Thursday, September 25, 2014

Programming AVR Microcontrollers in C

Originally recorded March 18, 2014: "Beyond the Arduino: Programming AVR Microcontrollers in C".

In this webcast, we'll dive straight into the deep end. I'll show you what you need to get started programming the AVR ATMega (and ATTiny) series microcontrollers, give you an overview of their built-in peripherals, and demonstrate most of the important functionality. And while the focus of this webcast is on Atmel's AVR series, nearly everything you'll learn here is transferable to other microcontrollers.

Elliot Williams is a Ph.D. in Economics, a former government statistician, and a lifelong electronics hacker. He taught himself to program microcontrollers long before there was any such thing as an Arduino, and loves to spread the knowledge. Most recently, he is author of the Maker Media book "Make: AVR Programming, Learning to Write Software for Hardware", which is chock full of microcontroller-programming tidbits and thick enough to stun a rhino.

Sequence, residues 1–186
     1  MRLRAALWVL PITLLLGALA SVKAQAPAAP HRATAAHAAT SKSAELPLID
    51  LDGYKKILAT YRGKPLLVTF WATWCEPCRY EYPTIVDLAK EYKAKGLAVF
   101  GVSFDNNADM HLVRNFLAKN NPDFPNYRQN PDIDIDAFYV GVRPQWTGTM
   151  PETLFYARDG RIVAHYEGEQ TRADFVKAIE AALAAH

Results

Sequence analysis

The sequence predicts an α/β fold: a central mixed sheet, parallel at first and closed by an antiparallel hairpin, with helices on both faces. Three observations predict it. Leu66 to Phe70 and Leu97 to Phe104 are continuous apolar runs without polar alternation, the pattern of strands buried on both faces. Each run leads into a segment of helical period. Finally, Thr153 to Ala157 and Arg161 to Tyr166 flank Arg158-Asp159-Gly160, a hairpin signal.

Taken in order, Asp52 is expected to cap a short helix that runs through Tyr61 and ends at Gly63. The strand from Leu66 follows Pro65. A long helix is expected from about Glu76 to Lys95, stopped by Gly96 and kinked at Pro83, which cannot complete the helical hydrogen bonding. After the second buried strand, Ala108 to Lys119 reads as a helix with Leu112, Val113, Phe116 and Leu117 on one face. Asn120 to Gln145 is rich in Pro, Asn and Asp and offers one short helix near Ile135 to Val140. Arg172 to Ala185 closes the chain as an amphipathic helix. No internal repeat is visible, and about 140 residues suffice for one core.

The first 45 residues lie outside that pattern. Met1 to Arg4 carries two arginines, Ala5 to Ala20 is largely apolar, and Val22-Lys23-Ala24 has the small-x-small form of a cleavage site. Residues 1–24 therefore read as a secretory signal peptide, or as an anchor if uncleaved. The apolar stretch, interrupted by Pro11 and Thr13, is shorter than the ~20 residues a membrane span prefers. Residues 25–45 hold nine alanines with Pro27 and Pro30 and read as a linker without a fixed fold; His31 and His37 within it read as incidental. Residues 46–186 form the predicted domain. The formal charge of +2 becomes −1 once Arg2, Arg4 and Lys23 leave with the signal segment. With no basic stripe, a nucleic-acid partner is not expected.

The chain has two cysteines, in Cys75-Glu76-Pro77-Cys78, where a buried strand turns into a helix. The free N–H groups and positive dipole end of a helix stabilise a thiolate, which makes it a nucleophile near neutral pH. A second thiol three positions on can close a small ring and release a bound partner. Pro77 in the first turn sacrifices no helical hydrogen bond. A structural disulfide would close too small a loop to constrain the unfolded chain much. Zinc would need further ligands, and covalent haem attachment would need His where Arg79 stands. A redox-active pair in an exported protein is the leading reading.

Make: AVR Programming: Learning to Write Software for Hardware

Atmel's AVR microcontrollers are the chips that power Arduino, and are the go-to chip for many hobbyist and hardware hacking projects. In this book you'll set aside the layers of abstraction provided by the Arduino environment and learn how to program AVR microcontrollers directly. In doing so, you'll get closer to the chip and you'll be able to squeeze more power and features out of it.

Each chapter of this book is centered around projects that incorporate that particular microcontroller topic. Each project includes schematics, code, and illustrations of a working project.
  • Program a range of AVR chips
  • Extend and re-use other people’s code and circuits
  • Interface with USB, I2C, and SPI peripheral devices
  • Learn to access the full range of power and speed of the microcontroller
  • Build projects including Cylon Eyes, a Square-Wave Organ, an AM Radio, a Passive Light-Sensor Alarm, Temperature Logger, and more
  • Understand what's happening behind the scenes even when using the Arduino IDE

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